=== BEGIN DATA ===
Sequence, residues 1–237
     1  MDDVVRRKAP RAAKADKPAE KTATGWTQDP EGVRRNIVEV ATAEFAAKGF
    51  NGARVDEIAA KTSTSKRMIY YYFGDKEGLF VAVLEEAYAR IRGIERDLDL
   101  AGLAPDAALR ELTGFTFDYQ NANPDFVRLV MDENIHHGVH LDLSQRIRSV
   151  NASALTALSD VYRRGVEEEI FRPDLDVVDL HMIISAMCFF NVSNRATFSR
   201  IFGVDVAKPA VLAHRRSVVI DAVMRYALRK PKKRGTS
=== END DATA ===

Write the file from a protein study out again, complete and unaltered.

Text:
Sequence, residues 1–237
     1  MDDVVRRKAP RAAKADKPAE KTATGWTQDP EGVRRNIVEV ATAEFAAKGF
    51  NGARVDEIAA KTSTSKRMIY YYFGDKEGLF VAVLEEAYAR IRGIERDLDL
   101  AGLAPDAALR ELTGFTFDYQ NANPDFVRLV MDENIHHGVH LDLSQRIRSV
   151  NASALTALSD VYRRGVEEEI FRPDLDVVDL HMIISAMCFF NVSNRATFSR
   201  IFGVDVAKPA VLAHRRSVVI DAVMRYALRK PKKRGTS